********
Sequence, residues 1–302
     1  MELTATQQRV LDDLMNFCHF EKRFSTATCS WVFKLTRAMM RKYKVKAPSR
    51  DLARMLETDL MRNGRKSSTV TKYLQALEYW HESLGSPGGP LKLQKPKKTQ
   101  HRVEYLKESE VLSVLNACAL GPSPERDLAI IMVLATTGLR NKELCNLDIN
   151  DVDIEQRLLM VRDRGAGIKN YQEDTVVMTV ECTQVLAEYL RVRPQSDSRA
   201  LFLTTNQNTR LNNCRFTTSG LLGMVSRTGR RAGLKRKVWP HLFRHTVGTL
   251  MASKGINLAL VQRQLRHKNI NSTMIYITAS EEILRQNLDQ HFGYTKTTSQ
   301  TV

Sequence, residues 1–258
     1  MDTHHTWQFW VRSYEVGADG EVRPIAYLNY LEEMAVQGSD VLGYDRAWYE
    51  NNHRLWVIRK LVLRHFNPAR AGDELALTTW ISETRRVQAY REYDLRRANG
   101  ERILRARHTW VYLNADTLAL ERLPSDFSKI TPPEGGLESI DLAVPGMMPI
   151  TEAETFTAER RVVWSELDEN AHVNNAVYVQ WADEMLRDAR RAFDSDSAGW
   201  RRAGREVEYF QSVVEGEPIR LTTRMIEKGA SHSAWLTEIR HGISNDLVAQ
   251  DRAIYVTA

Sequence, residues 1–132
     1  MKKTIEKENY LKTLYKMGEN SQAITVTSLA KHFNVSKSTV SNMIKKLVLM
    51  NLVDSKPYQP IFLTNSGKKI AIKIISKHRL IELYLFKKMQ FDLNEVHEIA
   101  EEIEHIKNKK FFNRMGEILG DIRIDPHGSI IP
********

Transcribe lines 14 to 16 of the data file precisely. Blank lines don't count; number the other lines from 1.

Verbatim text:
   201  RRAGREVEYF QSVVEGEPIR LTTRMIEKGA SHSAWLTEIR HGISNDLVAQ
   251  DRAIYVTA

Sequence, residues 1–132